Ancient Egyptian Creation Myths

I will share with you two versions of the Ancient Egyptian Creation Myths. Please note that multiple variants exist. These stories should not be taken literally,  because Ancient Egyptians’ myths are generally filled with metaphors and symbols. Each variant represents a different symbolic perspective, which enriches the general understanding of the gods and the universe.

Then in the other section below, I will analyze how this creation myth was depicted in the Book of Gates.

Version 1

According to Ancient Egyptian mythology, in the beginning, there was nothing except for Nu, the primordial watery abyss (chaos) surrounding the sphere of life. Nu was viewed as the source of all aspects of divine and earthly existence including all apparent dualities in this universe. Nu possessed multiple aspects, including both a male (Nun) and a female (Nunet) aspect. In one variant of the myth, the cosmic egg is used as a substitute for the primeval waters.

On the 1st day of creation, Atum (also named Ra, the Sun-god) emerged from Nu. Atum was considered as the great he-she, an androgynous being. Out of loneliness, Atum mated with his shadow and created, by spitting out from his mouth, the first divine couple (twinflames). These twins were the goddess Tefnut (moisture) and the god Shu (air).

Then, Tefnut and Shu had two children: Nut (the goddess of the sky) and the gob Geb (the earth). Ra, who did not want new gods to come into the world and compete with him, declared: “Nut shall not give birth any day of the year.” A year was 360 days long at this point of creation.

Nut, frustrated by Ra’s order, asked the god of wisdom Thoth to devise a plan that would allow her to give birth to her children, of whom she was already pregnant. Thoth then gambled with the moon to create 5 extra days of light on which Nut could give birth to her children: Osiris (initial ruler of the gods who became the ruler of the underworld), Isis (goddess of nature and magic), Set (god of chaos) and Nephthys (goddess of water and funeral rites). When Ra found out the trick Nut had pulled, he ordered his son Shu, god of the air, to separate Nut from Geb for eternity by standing forever between the two.

Animals were eventually created on Earth, molded from clay by the god Khnum.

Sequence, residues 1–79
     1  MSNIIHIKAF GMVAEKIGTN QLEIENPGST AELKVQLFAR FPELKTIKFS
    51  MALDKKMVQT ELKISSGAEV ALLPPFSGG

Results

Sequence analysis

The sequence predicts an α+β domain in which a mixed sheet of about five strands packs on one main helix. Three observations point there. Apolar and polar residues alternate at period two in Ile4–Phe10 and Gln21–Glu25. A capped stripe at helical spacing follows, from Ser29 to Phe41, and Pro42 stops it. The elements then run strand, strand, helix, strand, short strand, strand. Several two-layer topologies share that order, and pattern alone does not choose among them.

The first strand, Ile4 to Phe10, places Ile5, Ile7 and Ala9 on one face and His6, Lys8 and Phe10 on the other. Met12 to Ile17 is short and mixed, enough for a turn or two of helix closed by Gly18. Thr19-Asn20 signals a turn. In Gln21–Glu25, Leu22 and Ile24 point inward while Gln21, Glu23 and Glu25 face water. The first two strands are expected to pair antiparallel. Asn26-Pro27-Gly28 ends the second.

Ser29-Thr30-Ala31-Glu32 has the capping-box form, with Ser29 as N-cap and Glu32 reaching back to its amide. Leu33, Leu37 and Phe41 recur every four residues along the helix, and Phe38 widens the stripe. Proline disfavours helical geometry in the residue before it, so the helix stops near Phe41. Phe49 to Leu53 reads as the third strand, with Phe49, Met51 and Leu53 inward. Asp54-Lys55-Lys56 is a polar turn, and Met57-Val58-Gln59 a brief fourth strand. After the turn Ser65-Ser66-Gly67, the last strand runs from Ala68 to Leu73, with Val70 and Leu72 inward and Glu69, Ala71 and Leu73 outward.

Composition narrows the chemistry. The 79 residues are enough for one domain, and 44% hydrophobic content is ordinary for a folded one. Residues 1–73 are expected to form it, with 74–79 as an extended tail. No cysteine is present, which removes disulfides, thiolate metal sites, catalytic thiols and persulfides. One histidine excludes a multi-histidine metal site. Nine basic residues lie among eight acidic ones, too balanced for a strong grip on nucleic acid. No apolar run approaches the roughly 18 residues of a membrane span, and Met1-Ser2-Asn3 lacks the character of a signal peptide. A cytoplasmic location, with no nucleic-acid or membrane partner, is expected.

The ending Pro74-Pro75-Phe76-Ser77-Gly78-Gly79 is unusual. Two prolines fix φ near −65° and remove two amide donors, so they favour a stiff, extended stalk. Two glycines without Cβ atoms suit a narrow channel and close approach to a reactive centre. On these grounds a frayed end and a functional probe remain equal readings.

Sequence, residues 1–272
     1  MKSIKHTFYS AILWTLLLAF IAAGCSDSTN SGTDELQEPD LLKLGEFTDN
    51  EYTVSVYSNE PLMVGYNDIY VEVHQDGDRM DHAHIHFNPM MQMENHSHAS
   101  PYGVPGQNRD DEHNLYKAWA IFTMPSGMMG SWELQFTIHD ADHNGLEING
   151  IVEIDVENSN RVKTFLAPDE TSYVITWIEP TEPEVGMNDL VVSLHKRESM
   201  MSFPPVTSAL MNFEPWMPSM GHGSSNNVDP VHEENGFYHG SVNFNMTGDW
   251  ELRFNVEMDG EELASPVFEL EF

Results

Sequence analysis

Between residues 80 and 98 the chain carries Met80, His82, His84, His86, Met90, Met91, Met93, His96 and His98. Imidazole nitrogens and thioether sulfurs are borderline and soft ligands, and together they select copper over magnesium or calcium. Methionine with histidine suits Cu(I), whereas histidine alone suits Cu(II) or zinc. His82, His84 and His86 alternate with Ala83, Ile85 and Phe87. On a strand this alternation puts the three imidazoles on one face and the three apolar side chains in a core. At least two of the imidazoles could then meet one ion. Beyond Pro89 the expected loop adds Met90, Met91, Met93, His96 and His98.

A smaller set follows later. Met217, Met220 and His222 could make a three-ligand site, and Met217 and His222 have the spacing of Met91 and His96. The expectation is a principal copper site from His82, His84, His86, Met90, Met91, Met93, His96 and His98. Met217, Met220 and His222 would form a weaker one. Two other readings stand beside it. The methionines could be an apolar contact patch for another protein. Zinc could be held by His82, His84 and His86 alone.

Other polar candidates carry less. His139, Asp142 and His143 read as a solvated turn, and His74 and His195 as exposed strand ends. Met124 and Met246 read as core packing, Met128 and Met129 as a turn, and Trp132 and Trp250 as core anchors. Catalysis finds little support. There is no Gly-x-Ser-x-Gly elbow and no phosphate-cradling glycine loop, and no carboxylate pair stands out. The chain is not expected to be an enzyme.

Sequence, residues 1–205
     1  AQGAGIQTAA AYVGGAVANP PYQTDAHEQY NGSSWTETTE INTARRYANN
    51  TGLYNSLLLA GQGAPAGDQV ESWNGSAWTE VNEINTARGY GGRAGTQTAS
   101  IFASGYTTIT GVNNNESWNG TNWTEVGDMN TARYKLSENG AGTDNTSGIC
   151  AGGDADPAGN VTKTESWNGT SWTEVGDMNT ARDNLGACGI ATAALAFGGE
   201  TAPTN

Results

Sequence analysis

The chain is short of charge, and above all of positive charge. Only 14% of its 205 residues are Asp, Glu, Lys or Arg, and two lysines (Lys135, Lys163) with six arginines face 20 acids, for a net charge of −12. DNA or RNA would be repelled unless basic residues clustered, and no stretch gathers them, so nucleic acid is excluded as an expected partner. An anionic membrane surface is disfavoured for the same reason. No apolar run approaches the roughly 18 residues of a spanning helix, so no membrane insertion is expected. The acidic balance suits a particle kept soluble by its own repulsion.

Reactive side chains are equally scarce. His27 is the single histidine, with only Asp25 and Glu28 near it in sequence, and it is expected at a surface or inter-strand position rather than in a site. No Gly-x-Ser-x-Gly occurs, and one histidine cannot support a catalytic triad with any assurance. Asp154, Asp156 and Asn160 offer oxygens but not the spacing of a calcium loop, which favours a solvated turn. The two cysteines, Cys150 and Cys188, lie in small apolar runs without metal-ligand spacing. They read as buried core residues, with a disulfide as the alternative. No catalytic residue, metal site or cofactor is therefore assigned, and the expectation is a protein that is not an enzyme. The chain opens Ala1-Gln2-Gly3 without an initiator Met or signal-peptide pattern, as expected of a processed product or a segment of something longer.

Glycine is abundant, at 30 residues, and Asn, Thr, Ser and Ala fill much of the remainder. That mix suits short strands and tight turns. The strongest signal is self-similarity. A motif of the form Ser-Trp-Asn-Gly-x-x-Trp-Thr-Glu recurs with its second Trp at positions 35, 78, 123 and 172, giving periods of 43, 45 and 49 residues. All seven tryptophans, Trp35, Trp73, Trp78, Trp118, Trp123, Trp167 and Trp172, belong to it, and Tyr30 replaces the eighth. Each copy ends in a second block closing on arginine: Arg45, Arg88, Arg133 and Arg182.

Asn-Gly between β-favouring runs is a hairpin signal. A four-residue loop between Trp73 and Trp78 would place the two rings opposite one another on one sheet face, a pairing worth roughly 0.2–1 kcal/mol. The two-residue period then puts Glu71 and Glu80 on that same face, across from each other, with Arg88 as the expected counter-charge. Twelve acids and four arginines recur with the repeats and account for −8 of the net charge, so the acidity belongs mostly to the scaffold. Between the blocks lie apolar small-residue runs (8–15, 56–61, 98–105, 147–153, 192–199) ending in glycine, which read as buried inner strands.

My comments:

This story explains the creation of the first being from Source. Interestingly, this being created other beings by spitting them out from his mouth, in other words, that he created the Word (which is the same concept used in the Bibles).

Nut’s children, Osiris, Isis, Set, and Nephthys can be viewed as the first humans to inhabit the Earth. Their story is very similar to the one of Cain, Abel, Lilith, and Eve.

Others gods, Thoth and Khnum, are also included in this creation myth,  and we are not explained where they originate from.

Version 2

In another version of the creation myth, Atum emerged from Nu just as in the previous version. However, after he created his children Tefnut and Shu, they left him to establish the universe. Over time, Atum became concerned because his children were gone for so long. So, he removed his eye and sent it in search of them. Shu and Tefnut eventually returned with the Eye of Ra (the All-Seeing Eye) and their father, shed tears of joy. These tears gave birth to humans.

These creatures had nowhere to live, so Shu and Tefnut mated and gave birth to Geb (the earth) and Nut (the Sky). Geb and Nut fell deeply in love and became inseparable. Atum found their behavior unacceptable, so he separated them for eternity by pushing Nut high up into the heavens. Nut was already pregnant by Geb and eventually gave birth to Osiris, Isis, Set, and Nephthys.

My comments:

This version is more straightforward than the first one, but the main concepts are the same.


Here are a few more details about Nut and Ra.

Myth of Nut and Ra

Nut, the goddess of the sky, was generally depicted as a star-covered nude woman arching over the earth (or as a cow). Her fingers and toes were believed to touch the four cardinal points. She represented the barrier separating the ordered cosmos from chaos (in other words, the sphere of life). She was also seen as the protector of the dead due to her role in saving Osiris.

Egyptians also believed that during the day, the sun (Ra) traveled its way across Nut’s body and at dusk, was swallowed, passed through her belly during the night, and be reborn at dawn.

Ra was thought to travel in a boat on his journey through the sky and the Duat (the underworld or the realm of the dead). He was often accompanied by other deities such as Hu (divine word, command), Sia (creative thought, perception), Heka (magic power) and Set.